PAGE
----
baltimorecheckerspotchrysalisThey like stream fed wet meadows and are found in the western uplands of Maryland. They like to eat milkweed but their key plant is the white turtlehead, I flower I see in the wetlands of Southern Maryland. Alas these beauties aren’t thriving around here anymore. They have a really striking chrysalis.

The Wildflower Calendar

Chicory blue and creamy Queen Anne’s lace give way to the hot happy yellows: first the Mullein, then state flower Tickseed Sunflower. But it’s the first young tendrils of Goldenrod that cause my heart to pause- September and back-to-school is nigh. It’s bitter-sweet, this moment, every year.

Law of the Jungle

I saw Disney’s new Jungle Book film, and it’s a magnificent experience – a beautiful, heart-wringing adventure. As one of the millions of kids who were a captive audience for the 1967 animated version, I watched it in rapt delight and breathless anticipation.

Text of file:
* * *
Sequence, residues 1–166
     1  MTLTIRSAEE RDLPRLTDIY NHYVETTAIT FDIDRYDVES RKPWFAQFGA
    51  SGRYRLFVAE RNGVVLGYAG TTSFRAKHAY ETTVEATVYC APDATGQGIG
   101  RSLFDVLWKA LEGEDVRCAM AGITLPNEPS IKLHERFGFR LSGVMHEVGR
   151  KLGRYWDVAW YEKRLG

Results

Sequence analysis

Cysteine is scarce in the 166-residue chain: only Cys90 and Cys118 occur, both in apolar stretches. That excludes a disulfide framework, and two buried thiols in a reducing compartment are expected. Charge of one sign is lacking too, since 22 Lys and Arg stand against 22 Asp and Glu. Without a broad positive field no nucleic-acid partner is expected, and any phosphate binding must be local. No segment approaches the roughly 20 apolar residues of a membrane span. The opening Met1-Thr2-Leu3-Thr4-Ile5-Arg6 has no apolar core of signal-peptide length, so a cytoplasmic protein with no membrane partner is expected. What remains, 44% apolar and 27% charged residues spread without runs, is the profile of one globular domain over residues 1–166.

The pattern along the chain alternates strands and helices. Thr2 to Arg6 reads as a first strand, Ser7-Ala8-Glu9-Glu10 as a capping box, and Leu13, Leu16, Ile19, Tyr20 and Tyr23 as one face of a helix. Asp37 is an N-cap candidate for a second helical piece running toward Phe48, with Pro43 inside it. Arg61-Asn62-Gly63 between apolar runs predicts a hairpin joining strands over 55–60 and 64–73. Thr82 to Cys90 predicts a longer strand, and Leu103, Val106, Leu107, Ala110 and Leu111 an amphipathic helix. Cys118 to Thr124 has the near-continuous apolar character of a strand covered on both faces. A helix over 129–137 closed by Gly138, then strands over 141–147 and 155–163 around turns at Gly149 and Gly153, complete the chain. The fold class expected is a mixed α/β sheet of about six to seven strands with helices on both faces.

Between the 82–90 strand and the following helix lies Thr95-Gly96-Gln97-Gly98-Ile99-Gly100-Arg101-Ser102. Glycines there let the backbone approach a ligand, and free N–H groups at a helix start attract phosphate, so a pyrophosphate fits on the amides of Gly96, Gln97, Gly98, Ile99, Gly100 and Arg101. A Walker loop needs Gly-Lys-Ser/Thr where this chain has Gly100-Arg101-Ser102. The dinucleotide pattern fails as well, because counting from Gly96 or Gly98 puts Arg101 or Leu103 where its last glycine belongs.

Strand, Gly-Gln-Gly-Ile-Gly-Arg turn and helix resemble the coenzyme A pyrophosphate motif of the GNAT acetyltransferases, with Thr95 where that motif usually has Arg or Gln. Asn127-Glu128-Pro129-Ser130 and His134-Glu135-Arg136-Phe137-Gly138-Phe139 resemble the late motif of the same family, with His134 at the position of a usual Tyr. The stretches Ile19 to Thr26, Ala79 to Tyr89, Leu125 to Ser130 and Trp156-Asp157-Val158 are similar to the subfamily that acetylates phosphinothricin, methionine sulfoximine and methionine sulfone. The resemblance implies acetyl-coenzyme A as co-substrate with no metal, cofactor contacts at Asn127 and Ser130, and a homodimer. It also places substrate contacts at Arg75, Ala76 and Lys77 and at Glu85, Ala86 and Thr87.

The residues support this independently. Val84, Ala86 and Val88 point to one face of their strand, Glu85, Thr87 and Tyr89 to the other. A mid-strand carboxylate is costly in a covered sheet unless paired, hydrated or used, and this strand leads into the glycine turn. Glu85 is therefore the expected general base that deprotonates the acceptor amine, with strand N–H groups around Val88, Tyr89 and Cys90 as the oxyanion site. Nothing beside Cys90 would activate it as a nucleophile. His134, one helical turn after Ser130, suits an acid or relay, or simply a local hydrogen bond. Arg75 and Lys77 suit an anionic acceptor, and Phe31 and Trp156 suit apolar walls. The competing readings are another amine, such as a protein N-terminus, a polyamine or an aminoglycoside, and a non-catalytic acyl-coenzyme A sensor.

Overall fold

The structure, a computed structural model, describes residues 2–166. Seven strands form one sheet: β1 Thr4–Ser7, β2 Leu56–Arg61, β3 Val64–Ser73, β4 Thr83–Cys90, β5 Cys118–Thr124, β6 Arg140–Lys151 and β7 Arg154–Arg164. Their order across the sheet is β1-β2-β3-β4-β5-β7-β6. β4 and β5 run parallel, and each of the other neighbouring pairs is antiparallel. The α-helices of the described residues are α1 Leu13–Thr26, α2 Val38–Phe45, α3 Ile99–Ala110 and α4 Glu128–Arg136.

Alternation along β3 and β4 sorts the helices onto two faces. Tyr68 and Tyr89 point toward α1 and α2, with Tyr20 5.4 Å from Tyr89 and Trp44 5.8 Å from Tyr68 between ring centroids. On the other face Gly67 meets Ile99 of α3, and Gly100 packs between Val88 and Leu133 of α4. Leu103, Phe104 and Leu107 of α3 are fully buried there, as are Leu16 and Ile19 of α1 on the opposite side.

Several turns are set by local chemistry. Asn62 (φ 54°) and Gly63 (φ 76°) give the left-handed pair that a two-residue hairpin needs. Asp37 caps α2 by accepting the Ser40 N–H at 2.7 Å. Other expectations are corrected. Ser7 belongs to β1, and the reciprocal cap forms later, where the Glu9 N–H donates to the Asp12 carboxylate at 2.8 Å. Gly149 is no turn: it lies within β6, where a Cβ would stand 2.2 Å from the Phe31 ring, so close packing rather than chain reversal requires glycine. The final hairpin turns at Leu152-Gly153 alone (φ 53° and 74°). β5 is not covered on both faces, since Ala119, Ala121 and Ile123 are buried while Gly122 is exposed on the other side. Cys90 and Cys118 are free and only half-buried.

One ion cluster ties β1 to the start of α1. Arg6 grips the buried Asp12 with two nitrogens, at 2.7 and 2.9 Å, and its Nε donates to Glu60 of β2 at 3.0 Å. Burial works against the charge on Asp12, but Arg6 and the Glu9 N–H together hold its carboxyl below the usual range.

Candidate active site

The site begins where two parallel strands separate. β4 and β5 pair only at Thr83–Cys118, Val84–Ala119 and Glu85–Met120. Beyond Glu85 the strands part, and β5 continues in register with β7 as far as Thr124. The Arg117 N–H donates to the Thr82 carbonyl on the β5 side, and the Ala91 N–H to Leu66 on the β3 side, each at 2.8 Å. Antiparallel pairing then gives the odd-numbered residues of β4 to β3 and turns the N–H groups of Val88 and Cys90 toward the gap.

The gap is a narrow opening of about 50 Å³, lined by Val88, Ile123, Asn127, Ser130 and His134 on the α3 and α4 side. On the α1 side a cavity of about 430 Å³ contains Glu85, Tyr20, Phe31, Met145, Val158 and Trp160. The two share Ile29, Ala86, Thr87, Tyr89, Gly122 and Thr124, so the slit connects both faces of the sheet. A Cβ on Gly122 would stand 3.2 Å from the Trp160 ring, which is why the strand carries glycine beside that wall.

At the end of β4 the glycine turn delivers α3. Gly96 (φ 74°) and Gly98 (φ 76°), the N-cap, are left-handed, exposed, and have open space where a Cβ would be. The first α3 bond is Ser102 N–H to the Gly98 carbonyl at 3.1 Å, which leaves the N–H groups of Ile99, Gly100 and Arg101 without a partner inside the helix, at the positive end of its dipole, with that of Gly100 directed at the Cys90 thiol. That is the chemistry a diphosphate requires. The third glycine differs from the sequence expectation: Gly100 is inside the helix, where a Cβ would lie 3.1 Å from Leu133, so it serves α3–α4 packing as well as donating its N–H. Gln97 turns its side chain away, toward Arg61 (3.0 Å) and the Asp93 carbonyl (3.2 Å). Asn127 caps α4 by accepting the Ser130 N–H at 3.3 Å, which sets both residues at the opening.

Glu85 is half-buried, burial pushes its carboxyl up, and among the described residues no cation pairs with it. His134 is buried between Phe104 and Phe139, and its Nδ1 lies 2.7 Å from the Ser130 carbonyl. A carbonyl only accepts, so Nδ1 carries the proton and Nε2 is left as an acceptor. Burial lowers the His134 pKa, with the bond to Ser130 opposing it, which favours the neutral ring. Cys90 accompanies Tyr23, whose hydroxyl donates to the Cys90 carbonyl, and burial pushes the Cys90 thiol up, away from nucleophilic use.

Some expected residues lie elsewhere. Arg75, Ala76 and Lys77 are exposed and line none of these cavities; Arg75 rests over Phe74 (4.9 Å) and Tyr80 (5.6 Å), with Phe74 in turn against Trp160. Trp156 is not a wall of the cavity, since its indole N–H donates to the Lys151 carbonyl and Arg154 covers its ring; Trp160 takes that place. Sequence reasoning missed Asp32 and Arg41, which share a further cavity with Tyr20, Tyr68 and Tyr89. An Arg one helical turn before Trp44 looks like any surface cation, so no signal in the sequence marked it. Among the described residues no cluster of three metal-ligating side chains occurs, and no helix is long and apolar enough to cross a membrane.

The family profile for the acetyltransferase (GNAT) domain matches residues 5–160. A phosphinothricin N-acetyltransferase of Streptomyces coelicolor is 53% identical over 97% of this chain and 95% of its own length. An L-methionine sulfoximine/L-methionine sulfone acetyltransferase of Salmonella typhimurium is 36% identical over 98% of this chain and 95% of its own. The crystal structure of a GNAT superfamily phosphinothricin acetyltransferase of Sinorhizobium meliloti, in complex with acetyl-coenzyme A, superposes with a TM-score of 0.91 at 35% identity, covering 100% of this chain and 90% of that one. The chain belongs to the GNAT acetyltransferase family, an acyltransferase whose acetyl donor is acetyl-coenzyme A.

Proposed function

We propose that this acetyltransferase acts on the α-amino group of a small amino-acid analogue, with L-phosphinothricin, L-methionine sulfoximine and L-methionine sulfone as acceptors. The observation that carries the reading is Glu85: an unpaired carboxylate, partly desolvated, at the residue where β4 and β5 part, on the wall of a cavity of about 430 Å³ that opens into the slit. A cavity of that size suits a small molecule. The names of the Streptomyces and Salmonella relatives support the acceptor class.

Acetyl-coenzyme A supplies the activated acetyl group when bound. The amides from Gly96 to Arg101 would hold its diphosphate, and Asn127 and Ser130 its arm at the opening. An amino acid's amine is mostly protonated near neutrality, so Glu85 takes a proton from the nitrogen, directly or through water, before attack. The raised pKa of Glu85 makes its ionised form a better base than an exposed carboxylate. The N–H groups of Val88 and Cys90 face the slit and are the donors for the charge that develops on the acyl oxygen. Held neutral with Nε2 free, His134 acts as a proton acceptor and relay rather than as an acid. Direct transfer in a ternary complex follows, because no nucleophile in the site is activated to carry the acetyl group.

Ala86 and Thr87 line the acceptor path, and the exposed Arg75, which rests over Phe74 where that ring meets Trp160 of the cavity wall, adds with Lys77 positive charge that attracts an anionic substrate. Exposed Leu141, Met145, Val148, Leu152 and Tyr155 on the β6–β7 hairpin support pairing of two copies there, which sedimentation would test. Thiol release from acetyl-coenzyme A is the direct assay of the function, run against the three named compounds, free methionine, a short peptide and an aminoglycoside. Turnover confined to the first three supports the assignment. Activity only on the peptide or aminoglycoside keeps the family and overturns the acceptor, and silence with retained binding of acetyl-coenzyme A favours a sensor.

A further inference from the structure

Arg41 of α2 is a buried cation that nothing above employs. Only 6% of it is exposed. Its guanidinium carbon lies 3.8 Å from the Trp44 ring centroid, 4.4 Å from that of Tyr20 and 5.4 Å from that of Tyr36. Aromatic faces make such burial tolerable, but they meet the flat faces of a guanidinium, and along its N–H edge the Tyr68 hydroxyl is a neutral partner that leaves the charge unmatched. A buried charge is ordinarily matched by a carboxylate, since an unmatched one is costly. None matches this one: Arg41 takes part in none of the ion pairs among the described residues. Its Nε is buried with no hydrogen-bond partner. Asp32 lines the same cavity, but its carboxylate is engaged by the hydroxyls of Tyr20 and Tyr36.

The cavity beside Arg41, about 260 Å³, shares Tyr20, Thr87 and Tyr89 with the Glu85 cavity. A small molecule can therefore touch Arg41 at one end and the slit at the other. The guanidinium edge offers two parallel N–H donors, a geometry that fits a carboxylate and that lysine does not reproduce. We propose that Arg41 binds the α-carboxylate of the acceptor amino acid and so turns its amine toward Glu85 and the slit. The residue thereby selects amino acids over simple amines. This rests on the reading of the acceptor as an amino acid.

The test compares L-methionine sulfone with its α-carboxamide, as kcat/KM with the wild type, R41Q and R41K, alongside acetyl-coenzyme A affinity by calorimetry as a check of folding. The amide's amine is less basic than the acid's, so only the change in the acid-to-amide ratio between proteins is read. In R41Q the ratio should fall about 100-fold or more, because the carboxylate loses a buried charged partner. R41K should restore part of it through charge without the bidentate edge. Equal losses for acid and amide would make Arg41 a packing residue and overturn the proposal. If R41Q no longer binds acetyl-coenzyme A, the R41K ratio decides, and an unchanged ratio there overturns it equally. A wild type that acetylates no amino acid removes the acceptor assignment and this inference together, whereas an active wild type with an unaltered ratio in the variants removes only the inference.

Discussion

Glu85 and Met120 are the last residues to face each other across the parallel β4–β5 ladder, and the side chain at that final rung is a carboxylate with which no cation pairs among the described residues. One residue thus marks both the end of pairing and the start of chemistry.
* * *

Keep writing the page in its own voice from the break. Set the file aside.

I’m more of an experiential viewer than a critic; thus I fell in love with Bagheera’s green eyes and cultured voice (Ben Kingsley.) Bill Murray as Baloo the bear was inspired. The lushly detailed environments, plants and animals is a feast for the eyes. But the story the crisis that Mowgli the man-cub brings to his jungle community is bittersweet.

Mowgli is raised by the wolf pack and mentored by Bagheera. They consider the boy one of their own. Shear Kan, the menacing Bengal tiger, claims that man is the most dangerous beast of all, and insists that the man-cub must leave, and later, die. The community erupts in debate, and Mowgli, unwilling to be the cause of such strife, agrees to leave.